First Drive

2017 Skoda Fabia 1.0 TSI 110 review

We liked the Skoda Fabia's new 1.0-litre engine when tuned for 94bhp, but will we like the more powerful 108bhp version even more?

Words ByAlan Taylor-Jones

Need a valuation?

Obtain a FREE used car valuation for any vehicle.

GB

Priced from Β£14,730 Release date August 2017

The Skoda Fabia may have recently been toppled by the new Ford Fiesta and Seat Ibiza at the top of the small hatchback class, but it’s still easy to recommend thanks to its blend of practicality and affordability.

The trouble is that not everyone wants such a straight-laced car; some people want a little bit more pep and individuality. If that sounds like you, may we present the Fabia 1.0 TSI 110 in funky Redline trim.

The biggest change sits under the bonnet, where you’ll find a more powerful version of the 1.0-litre turbocharged three-cylinder engine. Instead of 94bhp, this version gets 108bhp, more pulling power from low revs and an extra ratio in its gearbox. According to Skoda, that’s enough to knock more than a second off the car's 0-62mph time.

Even with the extra performance, CO2 emissions increase by just 2g/km to 103g/km, while official combined fuel economy is the same. Our test car comes with flashy stripes, red door mirrors and black wheels as part of sporty Redline trim. If that's a bit garish, then you can have this engine with regular SE trim or above.

2017 Skoda Fabia 1.0 TSI 110 on the road

So, what does that extra 14bhp feel like on the road? Well the Fabia certainly isn’t slow: rev the engine hard and it’ll pull itself up to motorway speeds briskly. Equally impressive is its ability to pull from just 1500rpm, allowing you to leave it in a higher gear than you might think possible. And if you do need to stir the gearbox, it’s light and easy to use.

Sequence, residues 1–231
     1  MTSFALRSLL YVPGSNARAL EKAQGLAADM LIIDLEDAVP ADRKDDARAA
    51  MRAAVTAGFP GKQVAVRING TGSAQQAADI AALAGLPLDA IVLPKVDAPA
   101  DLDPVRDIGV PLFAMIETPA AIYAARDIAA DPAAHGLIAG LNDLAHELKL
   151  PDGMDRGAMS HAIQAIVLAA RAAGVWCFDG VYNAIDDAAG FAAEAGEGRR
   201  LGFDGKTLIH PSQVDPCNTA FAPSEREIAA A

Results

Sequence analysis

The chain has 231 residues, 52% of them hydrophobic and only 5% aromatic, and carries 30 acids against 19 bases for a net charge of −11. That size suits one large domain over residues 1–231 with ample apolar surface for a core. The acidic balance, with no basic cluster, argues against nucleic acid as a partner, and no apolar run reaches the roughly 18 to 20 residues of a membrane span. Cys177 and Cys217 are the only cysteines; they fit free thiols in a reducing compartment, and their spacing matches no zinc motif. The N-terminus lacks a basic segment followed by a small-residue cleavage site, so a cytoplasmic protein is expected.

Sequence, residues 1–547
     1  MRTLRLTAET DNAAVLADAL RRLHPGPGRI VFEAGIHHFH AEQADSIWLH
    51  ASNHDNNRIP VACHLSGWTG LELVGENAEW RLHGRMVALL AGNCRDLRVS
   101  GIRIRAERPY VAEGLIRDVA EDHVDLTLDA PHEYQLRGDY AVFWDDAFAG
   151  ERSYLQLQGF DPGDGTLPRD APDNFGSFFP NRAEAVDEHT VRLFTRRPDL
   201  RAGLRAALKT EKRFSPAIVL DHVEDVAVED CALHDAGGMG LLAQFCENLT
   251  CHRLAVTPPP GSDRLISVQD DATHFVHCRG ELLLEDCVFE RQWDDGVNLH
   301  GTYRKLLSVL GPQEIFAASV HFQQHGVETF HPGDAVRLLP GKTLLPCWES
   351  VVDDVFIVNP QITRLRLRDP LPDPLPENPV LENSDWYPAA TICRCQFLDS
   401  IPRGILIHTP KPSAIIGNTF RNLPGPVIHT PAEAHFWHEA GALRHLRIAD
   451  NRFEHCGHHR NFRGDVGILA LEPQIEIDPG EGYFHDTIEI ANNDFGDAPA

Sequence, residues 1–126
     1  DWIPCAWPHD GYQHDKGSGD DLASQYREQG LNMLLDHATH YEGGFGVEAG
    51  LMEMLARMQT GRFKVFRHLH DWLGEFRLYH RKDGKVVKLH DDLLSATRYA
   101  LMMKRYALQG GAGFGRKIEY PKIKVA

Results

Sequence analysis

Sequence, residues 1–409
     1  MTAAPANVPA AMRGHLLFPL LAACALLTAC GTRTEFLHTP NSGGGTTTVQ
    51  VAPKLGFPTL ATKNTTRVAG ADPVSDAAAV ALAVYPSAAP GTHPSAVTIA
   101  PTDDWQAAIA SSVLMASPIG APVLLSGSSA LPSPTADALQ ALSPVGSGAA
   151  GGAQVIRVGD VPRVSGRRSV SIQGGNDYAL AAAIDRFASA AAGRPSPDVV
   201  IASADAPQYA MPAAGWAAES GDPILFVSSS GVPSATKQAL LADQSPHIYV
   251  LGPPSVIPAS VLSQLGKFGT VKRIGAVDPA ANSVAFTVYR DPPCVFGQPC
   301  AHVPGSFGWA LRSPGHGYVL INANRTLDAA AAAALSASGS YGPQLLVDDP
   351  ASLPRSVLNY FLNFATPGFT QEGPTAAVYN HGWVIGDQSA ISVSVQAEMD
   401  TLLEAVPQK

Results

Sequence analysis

It’s not a night-and-day difference with the less powerful motor, but those spending lots of time on motorways or who regularly have a full car may well appreciate the additional urge.

Don’t think of this as a particularly spicy hatchback to drive through bends. The engine may have a decent amount of verve, but the suspension remains soft and there's plenty of body lean in corners. The steering also feels set up for comfort, seeing as you don’t need much muscle to turn the wheel. That’s great for town driving, but rivals' weightier set-ups instil more confidence at higher speeds.

You’d think the squishy springs would make this a smooth-riding hatchback, but unfortunately, the ride can be quite choppy. Redline models come with 16in wheels that don’t help (we prefer 15ins). The main issue is that potholes and sharp ridges cause a thump that you hear and feel through the suspension.

2017 Skoda Fabia 1.0 TSI 110 interior

It isn’t just the outside of the Fabia that gets a sporty makeover with Redline trim; inside there are quilted-effect sports seats and a leather-wrapped sports steering wheel. The rest of the interior is standard Fabia, which for the most part is a very good thing.

The majority of the interior might be constructed from hard plastics, but it’s well screwed together with patches of satin finish and no sharp edges. The leather steering wheel feels good to touch and all of the minor controls work with precision.

Even tall drivers are unlikely to complain about the amount of space they have. There’s plenty of head room, lots of adjustment for the seats and steering wheel and the interior is wider than some competitors'. In the rear seats, space impresses again, although the standard front sports seats do reduce rear leg room slightly.

As for the boot, it’s bigger than the majority of rivals', but is beaten by the new Ibiza. Neverthless, we don't have any complaints about its size, although we would recommend the optional variable-height boot floor to negate the Fabia's large loading lip.

Infotainment is taken care of by a 6.5in touchscreen that as standard comes without sat-nav. This is available as an option, but we’d be tempted to give it a miss, because Apple CarPlay and Android Auto smartphone mirroring is standard, so you can use a navigation app from your phone through the car's screen. For more information on this or any other part of the interior, check out our full review of the Fabia.

Next: 2017 Skoda Fabia 1.0 TSI 110 verdict

Page 1 of 2